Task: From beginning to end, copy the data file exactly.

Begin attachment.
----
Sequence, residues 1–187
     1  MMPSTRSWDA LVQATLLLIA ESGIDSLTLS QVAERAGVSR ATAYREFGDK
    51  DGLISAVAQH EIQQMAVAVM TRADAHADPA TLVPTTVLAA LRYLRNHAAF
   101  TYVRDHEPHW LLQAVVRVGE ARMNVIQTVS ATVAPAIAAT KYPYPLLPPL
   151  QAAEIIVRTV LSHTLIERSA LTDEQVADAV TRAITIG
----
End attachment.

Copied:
Sequence, residues 1–187
     1  MMPSTRSWDA LVQATLLLIA ESGIDSLTLS QVAERAGVSR ATAYREFGDK
    51  DGLISAVAQH EIQQMAVAVM TRADAHADPA TLVPTTVLAA LRYLRNHAAF
   101  TYVRDHEPHW LLQAVVRVGE ARMNVIQTVS ATVAPAIAAT KYPYPLLPPL
   151  QAAEIIVRTV LSHTLIERSA LTDEQVADAV TRAITIG